A renewed emphasis on the third phase of the meningococcal disease immunization campaign has been necessitated by the 12th confirmed case identified within the Interior Health region this year.
Dr. Trevor Corneil, vice-president population health and chief medical health officer for Interior Health, said the most recent case confirmation last week concerned a youth in the Thompson-Cariboo region.
“We’ve had 12 cases in total but five of those were close enough together with a certain age group and geography location within the Okanagan to call that an outbreak,” Corneil said.
The immunization campaign has targeted the Okanagan region from Enderby to Keremeos, specifically the 15-19 age group considered most vulnerable to the disease.
Corneil said the initial immunization response uptake was on a positive participatory trend prior to the Christmas vacation break at schools and has been much slower since.
According to the IH website, 12,260 people have been immunized which is 59.7 per cent of the target 15-19 age group.
Related: Meningococcal disease outbreak declared in Okanagan
“It’s unfortunate but not unexpected to see a drop-off over the holidays. With schools out, we are trying other ways to get the message out to this highest risk group for the disease to get immunized,” Corneil said.
“The first phase of the campaign was before the holidays, the second phase has been over the holidays and the this phase will start up in schools again Jan. 8. That is when we have the attention of the captive audience we are trying to reach.”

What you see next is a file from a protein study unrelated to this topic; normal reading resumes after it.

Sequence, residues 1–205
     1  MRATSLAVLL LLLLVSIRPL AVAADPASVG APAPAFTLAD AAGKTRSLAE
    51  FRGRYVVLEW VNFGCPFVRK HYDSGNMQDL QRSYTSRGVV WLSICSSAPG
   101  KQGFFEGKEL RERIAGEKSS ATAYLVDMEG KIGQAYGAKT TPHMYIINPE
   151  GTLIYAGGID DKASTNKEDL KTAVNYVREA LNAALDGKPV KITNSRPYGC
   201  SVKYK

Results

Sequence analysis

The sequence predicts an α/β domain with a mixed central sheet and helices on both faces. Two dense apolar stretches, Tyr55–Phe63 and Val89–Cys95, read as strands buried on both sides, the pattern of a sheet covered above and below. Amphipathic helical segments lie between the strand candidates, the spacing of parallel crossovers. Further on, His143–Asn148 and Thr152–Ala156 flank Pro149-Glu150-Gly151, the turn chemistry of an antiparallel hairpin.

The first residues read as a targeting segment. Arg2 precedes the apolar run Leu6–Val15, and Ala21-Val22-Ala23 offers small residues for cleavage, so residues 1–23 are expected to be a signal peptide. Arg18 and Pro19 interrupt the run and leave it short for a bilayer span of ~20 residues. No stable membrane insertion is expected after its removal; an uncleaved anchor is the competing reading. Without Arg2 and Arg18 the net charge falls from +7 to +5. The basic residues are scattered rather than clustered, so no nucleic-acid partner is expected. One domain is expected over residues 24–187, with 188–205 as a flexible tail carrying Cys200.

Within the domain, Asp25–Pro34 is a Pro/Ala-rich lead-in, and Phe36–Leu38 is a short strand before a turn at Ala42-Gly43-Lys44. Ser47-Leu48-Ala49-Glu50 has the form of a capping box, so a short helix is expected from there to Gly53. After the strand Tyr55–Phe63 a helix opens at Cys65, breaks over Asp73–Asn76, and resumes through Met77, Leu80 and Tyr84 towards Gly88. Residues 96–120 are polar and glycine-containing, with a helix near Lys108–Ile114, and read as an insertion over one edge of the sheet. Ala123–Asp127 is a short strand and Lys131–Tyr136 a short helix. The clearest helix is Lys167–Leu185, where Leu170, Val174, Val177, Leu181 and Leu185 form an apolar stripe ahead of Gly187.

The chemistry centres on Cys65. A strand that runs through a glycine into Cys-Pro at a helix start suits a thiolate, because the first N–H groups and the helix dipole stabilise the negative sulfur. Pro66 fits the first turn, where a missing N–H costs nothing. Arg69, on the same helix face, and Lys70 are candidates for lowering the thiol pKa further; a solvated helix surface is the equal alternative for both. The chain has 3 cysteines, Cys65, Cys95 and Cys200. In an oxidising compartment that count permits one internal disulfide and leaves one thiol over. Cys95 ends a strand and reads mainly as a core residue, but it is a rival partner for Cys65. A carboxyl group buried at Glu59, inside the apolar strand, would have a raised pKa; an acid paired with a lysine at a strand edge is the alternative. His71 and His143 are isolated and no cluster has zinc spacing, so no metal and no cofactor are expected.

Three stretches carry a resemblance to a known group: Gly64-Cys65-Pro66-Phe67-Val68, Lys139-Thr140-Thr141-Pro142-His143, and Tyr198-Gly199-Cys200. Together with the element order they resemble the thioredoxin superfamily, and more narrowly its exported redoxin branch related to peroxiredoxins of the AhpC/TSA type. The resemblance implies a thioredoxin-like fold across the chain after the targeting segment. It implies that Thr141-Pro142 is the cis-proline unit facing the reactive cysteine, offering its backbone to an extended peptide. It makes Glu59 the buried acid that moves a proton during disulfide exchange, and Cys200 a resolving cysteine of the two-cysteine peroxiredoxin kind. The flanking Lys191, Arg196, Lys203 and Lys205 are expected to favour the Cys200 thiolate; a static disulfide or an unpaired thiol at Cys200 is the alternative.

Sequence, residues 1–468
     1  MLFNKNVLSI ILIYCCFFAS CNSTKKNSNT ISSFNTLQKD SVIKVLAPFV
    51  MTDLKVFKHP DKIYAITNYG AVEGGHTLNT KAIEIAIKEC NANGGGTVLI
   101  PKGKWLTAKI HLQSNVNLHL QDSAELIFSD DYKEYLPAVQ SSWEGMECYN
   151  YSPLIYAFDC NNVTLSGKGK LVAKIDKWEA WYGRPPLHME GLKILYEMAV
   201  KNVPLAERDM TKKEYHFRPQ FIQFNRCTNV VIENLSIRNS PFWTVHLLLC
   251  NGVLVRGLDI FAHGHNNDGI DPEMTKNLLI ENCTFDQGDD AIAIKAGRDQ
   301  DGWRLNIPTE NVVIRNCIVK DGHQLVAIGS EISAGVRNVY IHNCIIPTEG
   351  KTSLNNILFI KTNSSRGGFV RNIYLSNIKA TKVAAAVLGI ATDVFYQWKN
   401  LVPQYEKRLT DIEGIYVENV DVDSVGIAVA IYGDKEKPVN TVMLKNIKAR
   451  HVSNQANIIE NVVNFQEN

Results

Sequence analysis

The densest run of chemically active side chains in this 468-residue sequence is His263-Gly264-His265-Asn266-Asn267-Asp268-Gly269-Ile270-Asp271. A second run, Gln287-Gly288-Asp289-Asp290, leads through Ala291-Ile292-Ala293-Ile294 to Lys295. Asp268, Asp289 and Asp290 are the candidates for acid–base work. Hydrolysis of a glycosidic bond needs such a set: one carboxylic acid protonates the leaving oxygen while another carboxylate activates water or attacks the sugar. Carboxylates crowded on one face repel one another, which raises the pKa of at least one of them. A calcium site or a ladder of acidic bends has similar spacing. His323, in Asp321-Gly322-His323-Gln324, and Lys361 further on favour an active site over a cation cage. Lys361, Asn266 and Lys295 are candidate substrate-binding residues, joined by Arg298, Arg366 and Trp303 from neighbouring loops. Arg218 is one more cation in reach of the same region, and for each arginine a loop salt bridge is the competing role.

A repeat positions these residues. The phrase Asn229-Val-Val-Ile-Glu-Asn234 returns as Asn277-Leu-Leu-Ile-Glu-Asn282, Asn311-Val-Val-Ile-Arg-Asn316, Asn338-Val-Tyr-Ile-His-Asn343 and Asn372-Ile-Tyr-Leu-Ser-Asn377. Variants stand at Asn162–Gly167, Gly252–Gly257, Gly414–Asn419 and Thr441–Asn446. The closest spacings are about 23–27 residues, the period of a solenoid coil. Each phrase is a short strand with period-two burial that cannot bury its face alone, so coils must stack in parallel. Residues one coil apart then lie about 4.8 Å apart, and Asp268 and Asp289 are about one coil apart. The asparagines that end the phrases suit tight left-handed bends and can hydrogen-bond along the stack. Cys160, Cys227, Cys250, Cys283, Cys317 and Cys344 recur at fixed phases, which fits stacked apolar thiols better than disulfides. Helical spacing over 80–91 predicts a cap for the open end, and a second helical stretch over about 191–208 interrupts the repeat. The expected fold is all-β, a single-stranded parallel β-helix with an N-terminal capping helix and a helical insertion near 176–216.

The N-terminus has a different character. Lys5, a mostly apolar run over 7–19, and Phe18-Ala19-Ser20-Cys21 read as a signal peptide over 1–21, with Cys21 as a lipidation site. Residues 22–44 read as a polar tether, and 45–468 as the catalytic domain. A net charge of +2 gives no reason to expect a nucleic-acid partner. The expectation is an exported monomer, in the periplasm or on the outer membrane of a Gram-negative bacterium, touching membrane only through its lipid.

Corneil said how long the campaign will carry on, with a 75 to 95 per cent uptake vaccination target, will depend on new reported cases of the disease.
“This latest reported case is a bit of a setback but we are really going week to week on this. The six cases reported in the second half of (2017) have all been severe. One teenager has died and another has involved potential neurological damage.”
One of the cases involved a Kalamalka Secondary School Grade 11 student, who was sent to hospital in Vancouver in a medically induced coma three weeks ago.
Meningococcal disease is an infection caused by the bacterium Neisseria meningitidis. This bacterium can cause serious and sometimes fatal diseases including meningitis (infection of the brain lining and spinal cord) and meningococcal septicaemia (infection of the blood).
People spread the meningococcal bacteria to others by sharing respiratory and throat secretions at close contact, generally from coughing or kissing.
Corneil said dealing with the meningococcal outbreak is an expensive public health initiative, from staffing and resources required to stage an immunization campaign to the cost of the vaccine itself, which is $150 per person with a target age group numbering 20,000.
“It’s expensive but absolutely worth it,” he noted. “It’s unfortunate to be in this position but Interior Health is doing everything we can, and we really want the public to help us, in getting kids immunized.”
Additional funding and other resource support is provided through the ministry of health and B.C. Disease Control Centre.